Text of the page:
United States District Court, E.D. Kentucky, Central Division
For Woody's Restaurant, LLC, Jeff Carver, David Durham, Plaintiffs: M. Austin Mehr, Philip G. Fairbanks, LEAD ATTORNEYS, Mehr Fairbanks Trial Lawyers, PLLC, Lexington, KY.
For Travelers Casualty Insurance Company of America, Defendant: Margaret Jane Brannon, Robert Franklin Duncan, LEAD ATTORNEYS, Jackson Kelly PLLC - LEXINGTON, Lexington, KY.
Joseph M. Hood, Senior United States District Judge.
MEMORANDUM OPINION AND ORDER
This matter is before the Court upon Plaintiffs' Motion to Remand. [D.E. 13]. Defendant has filed a Response [D.E. 20] and Plaintiffs filed a Reply. [D.E. 22]. This matter being fully briefed, and the Court being otherwise sufficiently advised, Plaintiffs' Motion is ripe for review.
I. Procedural Background
Plaintiffs originally filed this suit in the Boyle County Circuit Court, seeking monetary damages. [D.E. 1-1]. Defendant removed the action to this Court. [D.E. 1]. Plaintiff now asks the Court to remand this matter back to the Boyle County Circuit Court based on the Colorado River abstention doctrine. [D.E. 13].
Plaintiffs claim Colorado River abstention is appropriate in this matter because of a parallel proceeding ongoing in Boyle County Circuit Court. The alleged parallel proceeding was filed by Coast United Advertising Co., Inc. (hereinafter " Coast United" ) against Plaintiffs and Defendant. Plaintiffs aver that this action is parallel because Coast United has asserted identical claims against Defendant as Plaintiffs have asserted against Defendant in this Court. [D.E. 13-1 at 2]. Furthermore, the claims arise out of the lack of payment on an insurance policy for the same damage to the same piece of property. [D.E. 13]. In other words, Plaintiffs and Coast United are both seeking to recover from Travelers for damage sustained to the same building. The only difference is that Plaintiffs' claims are before this Court and Coast United's are before the Boyle County Circuit Court.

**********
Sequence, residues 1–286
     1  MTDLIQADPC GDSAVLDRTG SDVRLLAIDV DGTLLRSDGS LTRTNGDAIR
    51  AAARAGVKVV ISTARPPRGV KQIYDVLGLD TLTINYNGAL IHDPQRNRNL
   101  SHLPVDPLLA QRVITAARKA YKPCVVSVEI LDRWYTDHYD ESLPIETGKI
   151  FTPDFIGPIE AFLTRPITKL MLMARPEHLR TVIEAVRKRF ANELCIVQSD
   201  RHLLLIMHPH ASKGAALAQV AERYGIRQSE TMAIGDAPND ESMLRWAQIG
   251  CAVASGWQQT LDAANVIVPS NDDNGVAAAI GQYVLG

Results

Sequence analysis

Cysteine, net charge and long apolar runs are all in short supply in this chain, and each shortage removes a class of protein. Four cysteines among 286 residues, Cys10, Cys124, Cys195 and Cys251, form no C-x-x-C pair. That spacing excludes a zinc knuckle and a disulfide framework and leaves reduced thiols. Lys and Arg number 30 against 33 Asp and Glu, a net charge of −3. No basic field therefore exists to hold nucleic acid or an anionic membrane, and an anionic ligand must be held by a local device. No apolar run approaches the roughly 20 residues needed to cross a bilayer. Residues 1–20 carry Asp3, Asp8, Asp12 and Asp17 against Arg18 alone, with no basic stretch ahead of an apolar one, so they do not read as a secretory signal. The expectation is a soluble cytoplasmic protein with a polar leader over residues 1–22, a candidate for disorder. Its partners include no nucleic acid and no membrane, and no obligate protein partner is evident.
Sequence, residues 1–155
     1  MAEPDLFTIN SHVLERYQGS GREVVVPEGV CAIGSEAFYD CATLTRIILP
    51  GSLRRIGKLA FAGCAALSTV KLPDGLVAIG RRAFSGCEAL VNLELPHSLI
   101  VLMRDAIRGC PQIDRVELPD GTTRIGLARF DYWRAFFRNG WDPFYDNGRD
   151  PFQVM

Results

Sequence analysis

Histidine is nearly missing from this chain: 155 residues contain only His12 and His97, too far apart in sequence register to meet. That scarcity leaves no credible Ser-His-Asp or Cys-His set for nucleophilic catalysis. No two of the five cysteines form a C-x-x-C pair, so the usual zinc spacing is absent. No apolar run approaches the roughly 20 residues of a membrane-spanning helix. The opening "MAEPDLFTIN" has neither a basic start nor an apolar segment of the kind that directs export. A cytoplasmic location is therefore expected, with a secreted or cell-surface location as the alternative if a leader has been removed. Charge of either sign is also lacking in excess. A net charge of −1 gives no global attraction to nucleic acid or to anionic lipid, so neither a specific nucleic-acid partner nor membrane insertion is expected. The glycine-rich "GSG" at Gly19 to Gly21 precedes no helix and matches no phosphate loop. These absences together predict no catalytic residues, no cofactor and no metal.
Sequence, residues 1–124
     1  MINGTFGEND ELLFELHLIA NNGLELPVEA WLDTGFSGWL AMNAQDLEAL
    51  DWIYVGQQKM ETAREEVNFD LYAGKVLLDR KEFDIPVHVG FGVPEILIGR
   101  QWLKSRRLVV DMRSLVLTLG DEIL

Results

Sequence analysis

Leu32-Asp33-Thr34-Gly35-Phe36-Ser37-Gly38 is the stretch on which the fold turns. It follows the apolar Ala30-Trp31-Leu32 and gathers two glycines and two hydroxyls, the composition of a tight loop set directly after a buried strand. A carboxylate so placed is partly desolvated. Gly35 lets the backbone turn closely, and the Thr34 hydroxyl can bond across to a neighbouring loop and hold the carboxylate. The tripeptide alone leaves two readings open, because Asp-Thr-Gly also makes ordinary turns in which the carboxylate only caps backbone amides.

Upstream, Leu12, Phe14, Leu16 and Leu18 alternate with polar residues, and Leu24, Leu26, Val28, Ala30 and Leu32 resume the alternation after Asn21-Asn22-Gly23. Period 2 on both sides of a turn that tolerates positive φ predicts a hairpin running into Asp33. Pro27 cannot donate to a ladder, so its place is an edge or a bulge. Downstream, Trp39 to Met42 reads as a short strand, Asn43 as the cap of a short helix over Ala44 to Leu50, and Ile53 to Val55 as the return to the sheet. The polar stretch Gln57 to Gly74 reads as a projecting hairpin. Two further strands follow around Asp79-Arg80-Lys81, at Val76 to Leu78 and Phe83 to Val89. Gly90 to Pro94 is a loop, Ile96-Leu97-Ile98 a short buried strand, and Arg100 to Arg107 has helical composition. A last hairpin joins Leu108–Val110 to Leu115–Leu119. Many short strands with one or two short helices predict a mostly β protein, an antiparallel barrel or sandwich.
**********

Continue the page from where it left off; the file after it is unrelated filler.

The Court construes Plaintiffs' Motion as a motion to abstain, requesting remand as the form of relief. However, " federal courts have the power to dismiss or remand cases based on abstention principles only where the relief being sought is equitable or otherwise discretionary." Quackenbush v. Allstate Ins. Co., 517 U.S. 706, 731, 116 S.Ct. 1712, 135 L.Ed.2d 1 (1996). Plaintiffs have requested monetary damages; therefore, this Court may not remand based on abstention principles. Nonetheless, the Court will analyze whether it should stay the action under the Colorado River abstention doctrine.
II. Standard of Review
" Abstention from the exercise of federal jurisdiction is the exception, not the rule." Colorado River Water Conservation Dist. v. United States, 424 U.S. 800, 813, 96 S.Ct. 1236, 47 L.Ed.2d 483 (1976). " Despite the 'virtually unflagging obligation of the federal courts to exercise the jurisdiction given them,' considerations of judicial economy and federal-state comity may justify abstention in situations involving the contemporaneous exercise of jurisdiction by state and federal courts." Romine v. Compuserve Corp., 160 F.3d 337, 339 (6th Cir. 1998) (quoting Colorado River, 424 U.S. at 817).
For Colorado River abstention to apply, there must first be a parallel state proceeding. Crawley v. Hamilton Cnty. Comm'rs, 744 F.2d 28, 31 (6th Cir. 1984). If there is a parallel proceeding, there are eight factors that must be considered: (1) whether the state court has assumed jurisdiction over any res or property; (2) whether the federal forum is less convenient to the parties; (3) avoidance of piecemeal litigation; (4) the order in which jurisdiction was obtained; (5) whether the source of governing law is state or federal; (6) the adequacy of the state court action to protect the federal plaintiff's rights; (7) the relative progress of the state and federal proceedings; and (8) the presence or absence of concurrent jurisdiction. Romine, 160 F.3d at 340-41 (citing Colorado River, 424 U.S. ...